Last July, American Airlines (AAL -0.72%) and JetBlue Airways (JBLU -1.99%) announced a wide-ranging partnership designed to improve their competitive positions in New York and Boston.

Over the past few months, the airlines have started to implement the first phase of this alliance. They have launched a codeshare agreement, begun ticket sales for dozens of new routes, and optimized their schedules on additional routes out of New York and Boston.

Last week, American and JetBlue rolled out the next phase of their alliance, again announcing dozens of new routes. With antitrust regulators at the Department of Justice taking a closer look at the airlines' plans to cooperate, the timing couldn't have been better.

Antitrust concerns resurface

The partnership between American Airlines and JetBlue Airways involves coordinating routes and schedules for flights to and from New York and Boston. Normally, this type of cooperation would violate antitrust law.

An infographic highlighting the benefits of the partnership between American Airlines and JetBlue

Image source: JetBlue Airways.

The airlines sought an exemption to the usual antitrust regulations on the grounds that teaming up would make them a better counterweight to United Airlines and especially Delta Air Lines in the Northeast. They promised to significantly increase capacity in New York -- and, to a lesser extent, Boston -- while also divesting some takeoff and landing slots to enable new competition.

Based on these commitments, the U.S. Department of Transportation gave its blessing to the partnership in January. However, antitrust regulators at the Department of Justice remain worried that letting the two airlines cooperate could lead to higher fares and worse service in New York and Boston. The DOJ's investigation has become more active in recent months, and antitrust regulators there may raise objections to the alliance, according to a recent report by The Wall Street Journal.

Time to announce more growth

To the extent that the DOJ's antitrust division remains skeptical of the American Airlines-JetBlue alliance, both airlines have an incentive to demonstrate the partnership's consumer benefits. Last week, they did just that, announcing another -- even more ambitious -- wave of growth.

JetBlue stated that it will add seven new cities to its route network between now and next summer. It will fly from both New York's JFK International Airport and Boston to Kansas City, Milwaukee, and San Antonio. It will also launch year-round flights from JFK to Puerto Vallarta, Mexico and San Pedro Sula, Honduras, along with seasonal service to Asheville, North Carolina and Vancouver.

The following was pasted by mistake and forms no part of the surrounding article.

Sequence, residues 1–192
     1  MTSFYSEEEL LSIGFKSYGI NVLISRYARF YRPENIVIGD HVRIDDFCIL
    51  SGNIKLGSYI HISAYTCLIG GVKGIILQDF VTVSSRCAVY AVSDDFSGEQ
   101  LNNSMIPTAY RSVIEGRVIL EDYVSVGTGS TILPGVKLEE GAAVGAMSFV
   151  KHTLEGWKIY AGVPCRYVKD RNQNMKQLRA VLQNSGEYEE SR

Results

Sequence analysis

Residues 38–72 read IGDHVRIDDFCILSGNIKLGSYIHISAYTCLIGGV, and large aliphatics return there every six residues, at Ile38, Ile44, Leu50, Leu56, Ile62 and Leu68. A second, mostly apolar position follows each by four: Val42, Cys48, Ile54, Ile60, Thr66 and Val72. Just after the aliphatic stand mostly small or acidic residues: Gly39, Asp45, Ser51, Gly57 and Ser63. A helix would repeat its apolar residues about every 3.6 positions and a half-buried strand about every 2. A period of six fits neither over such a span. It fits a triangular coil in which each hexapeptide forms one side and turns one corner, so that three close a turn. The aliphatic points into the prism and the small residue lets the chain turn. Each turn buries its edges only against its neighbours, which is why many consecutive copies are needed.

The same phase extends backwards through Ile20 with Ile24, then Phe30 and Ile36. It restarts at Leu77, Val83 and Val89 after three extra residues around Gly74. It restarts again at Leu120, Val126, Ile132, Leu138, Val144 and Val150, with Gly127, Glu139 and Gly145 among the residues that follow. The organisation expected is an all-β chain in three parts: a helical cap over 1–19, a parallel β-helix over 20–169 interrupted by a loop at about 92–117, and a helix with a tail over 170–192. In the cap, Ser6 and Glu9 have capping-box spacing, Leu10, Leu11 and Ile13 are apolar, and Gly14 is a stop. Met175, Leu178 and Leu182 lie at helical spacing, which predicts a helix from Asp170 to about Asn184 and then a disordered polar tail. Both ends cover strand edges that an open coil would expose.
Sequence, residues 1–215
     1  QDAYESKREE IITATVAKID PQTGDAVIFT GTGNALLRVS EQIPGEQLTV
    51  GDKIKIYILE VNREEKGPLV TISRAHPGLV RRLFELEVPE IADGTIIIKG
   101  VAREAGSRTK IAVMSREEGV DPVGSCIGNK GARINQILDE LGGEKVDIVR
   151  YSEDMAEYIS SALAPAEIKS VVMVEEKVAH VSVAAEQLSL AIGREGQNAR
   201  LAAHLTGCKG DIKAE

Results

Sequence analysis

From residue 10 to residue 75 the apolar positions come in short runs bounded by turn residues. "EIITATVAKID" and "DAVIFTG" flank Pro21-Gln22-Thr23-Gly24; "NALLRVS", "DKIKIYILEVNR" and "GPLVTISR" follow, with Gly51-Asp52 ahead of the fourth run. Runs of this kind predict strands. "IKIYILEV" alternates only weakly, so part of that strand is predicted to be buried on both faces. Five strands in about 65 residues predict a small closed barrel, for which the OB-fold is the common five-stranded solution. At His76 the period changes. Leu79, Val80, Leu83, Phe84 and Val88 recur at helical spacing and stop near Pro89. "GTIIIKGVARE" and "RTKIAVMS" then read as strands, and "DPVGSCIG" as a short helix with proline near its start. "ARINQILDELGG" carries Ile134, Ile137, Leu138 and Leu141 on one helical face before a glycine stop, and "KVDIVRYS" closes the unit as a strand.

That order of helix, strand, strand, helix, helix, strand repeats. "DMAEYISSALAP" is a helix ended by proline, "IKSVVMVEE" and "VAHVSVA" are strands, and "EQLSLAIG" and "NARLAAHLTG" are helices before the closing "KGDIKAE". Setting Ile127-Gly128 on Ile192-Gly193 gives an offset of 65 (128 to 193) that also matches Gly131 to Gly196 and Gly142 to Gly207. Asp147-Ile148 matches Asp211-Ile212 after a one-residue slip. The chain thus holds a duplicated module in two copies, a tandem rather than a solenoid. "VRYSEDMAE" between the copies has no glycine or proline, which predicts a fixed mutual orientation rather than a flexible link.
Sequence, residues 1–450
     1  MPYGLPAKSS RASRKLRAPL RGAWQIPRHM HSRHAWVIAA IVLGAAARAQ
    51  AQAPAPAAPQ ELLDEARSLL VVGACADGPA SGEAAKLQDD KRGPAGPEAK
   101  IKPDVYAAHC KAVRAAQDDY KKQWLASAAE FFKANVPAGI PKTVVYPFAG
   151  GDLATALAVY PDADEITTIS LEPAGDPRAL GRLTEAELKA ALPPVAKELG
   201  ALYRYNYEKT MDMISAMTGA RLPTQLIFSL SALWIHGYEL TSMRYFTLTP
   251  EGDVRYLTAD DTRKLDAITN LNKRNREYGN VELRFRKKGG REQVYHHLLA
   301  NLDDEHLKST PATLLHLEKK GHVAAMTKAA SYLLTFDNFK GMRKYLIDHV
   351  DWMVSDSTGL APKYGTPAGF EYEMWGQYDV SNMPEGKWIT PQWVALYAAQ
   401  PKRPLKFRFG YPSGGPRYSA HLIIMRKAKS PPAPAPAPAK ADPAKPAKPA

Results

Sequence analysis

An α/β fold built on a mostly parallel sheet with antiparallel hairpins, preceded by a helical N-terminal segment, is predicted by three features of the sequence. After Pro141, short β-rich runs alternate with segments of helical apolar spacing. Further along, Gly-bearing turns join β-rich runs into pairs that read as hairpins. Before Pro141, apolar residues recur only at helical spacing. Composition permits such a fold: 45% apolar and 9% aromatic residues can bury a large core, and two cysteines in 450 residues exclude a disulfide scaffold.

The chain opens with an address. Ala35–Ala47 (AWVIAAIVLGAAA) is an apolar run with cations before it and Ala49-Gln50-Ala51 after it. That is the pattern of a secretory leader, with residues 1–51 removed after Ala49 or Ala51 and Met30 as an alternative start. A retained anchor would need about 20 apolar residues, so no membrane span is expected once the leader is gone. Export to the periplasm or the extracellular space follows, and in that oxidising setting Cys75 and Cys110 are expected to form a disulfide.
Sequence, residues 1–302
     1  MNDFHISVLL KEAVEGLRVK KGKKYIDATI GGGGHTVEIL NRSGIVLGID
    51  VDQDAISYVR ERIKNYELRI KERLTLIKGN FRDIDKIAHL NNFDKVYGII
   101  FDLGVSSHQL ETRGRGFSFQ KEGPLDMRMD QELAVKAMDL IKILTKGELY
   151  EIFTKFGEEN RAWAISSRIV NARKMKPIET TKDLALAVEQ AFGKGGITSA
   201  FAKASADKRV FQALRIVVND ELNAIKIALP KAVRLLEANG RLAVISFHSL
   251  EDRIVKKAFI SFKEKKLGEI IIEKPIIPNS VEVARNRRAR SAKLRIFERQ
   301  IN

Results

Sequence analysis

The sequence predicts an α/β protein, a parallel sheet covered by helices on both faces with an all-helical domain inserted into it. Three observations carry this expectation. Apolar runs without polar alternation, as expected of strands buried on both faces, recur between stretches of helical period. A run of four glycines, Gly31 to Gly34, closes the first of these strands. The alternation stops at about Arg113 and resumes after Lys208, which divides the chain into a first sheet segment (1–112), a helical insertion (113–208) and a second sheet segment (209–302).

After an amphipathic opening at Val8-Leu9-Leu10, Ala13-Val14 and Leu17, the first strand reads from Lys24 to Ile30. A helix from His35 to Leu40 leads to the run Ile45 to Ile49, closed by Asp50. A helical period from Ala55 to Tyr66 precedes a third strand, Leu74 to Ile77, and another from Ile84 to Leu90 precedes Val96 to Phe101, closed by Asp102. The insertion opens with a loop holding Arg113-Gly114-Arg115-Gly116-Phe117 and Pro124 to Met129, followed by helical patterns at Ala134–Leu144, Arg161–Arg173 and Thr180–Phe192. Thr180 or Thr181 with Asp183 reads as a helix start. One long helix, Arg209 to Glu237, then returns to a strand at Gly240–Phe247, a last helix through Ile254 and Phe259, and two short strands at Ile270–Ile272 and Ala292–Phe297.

A JetBlue Airways plane preparing to land

Image source: JetBlue Airways.

Meanwhile, JetBlue plans to add six new routes out of New York's LaGuardia Airport (mainly targeting the Southeast), while offering more frequent service on several existing routes. Between these moves and various new routes announced in February, JetBlue will operate more than 50 daily departures at LaGuardia by next summer: up from just 18 in 2019.

As for American Airlines, the full-service airline will begin flying from JFK to Delhi later this year. That will complement new routes from JFK to Athens, Tel Aviv, and several destinations in South America that it announced previously. American will also launch flights from Boston to Cincinnati, St. Louis, and Toronto: key business markets that JetBlue does not serve. Finally, the carrier plans to begin flying from LaGuardia to Houston, Oklahoma City, and Omaha.

Demonstrating the alliance's benefits

The latest round of new route additions will give American Airlines and JetBlue firepower to counter the DOJ's antitrust probe. In particular, JetBlue's new routes from JFK and LaGuardia rely on using underutilized slots held by American Airlines. American's new international routes also depend on getting connecting traffic from JetBlue.

An American Airlines plane in flight, with mountains in the background

Image source: American Airlines.

To be fair, American Airlines will have to operate fewer flights from New York to certain cities in order to free up enough slots for JetBlue. While American and JetBlue aren't allowed to coordinate pricing, fares could potentially rise in those markets due to lower capacity levels.

However, American Airlines used cramped, single-class 44- and 50-seat jets on most of the flights it plans to eliminate. By contrast, most of the new flights will use mainline jets with more than 150 seats. On a net basis, the two partners will grow significantly in New York and Boston -- driving down fares, all else equal -- while operating more customer-friendly aircraft.

American and JetBlue have planned to grow in New York and Boston all along. The threat of tougher antitrust scrutiny probably didn't change their long-term plans. However, it may have encouraged them to announce their growth initiatives quickly: After all, some of the new routes announced last week won't start up for more than a year. From what we know now, the new alliance between American Airlines and JetBlue looks like it will provide important consumer benefits while also helping both airlines.